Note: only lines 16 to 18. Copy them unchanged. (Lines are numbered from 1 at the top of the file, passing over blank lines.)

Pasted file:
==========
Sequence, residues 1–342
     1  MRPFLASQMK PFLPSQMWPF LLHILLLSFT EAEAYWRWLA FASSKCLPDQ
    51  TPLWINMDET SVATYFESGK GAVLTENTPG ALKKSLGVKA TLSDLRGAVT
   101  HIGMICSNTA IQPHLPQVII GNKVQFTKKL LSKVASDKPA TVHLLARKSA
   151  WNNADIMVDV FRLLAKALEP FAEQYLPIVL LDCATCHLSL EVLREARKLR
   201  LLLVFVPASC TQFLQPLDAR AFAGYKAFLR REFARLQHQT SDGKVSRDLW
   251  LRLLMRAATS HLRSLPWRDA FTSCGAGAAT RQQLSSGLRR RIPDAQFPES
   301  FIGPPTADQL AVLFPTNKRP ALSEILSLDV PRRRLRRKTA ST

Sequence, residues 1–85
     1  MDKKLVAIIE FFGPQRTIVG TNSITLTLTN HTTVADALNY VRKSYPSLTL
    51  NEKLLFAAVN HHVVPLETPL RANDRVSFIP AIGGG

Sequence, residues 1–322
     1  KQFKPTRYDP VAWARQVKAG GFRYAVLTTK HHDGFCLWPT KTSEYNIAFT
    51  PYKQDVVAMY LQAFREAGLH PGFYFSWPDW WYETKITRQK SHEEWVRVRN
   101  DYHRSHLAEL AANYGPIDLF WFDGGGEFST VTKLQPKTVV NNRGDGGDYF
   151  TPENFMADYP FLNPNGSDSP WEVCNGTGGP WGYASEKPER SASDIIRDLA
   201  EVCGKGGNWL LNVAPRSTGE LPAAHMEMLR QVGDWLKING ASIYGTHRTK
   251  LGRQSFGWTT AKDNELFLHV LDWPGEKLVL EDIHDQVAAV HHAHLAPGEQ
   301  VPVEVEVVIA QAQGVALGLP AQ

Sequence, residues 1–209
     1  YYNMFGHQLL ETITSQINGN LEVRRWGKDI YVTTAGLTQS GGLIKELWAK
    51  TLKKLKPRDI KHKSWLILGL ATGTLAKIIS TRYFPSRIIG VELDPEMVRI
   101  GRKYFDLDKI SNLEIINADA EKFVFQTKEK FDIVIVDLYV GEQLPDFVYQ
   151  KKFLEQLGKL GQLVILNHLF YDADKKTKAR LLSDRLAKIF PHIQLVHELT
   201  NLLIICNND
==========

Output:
   151  TPENFMADYP FLNPNGSDSP WEVCNGTGGP WGYASEKPER SASDIIRDLA
   201  EVCGKGGNWL LNVAPRSTGE LPAAHMEMLR QVGDWLKING ASIYGTHRTK
   251  LGRQSFGWTT AKDNELFLHV LDWPGEKLVL EDIHDQVAAV HHAHLAPGEQ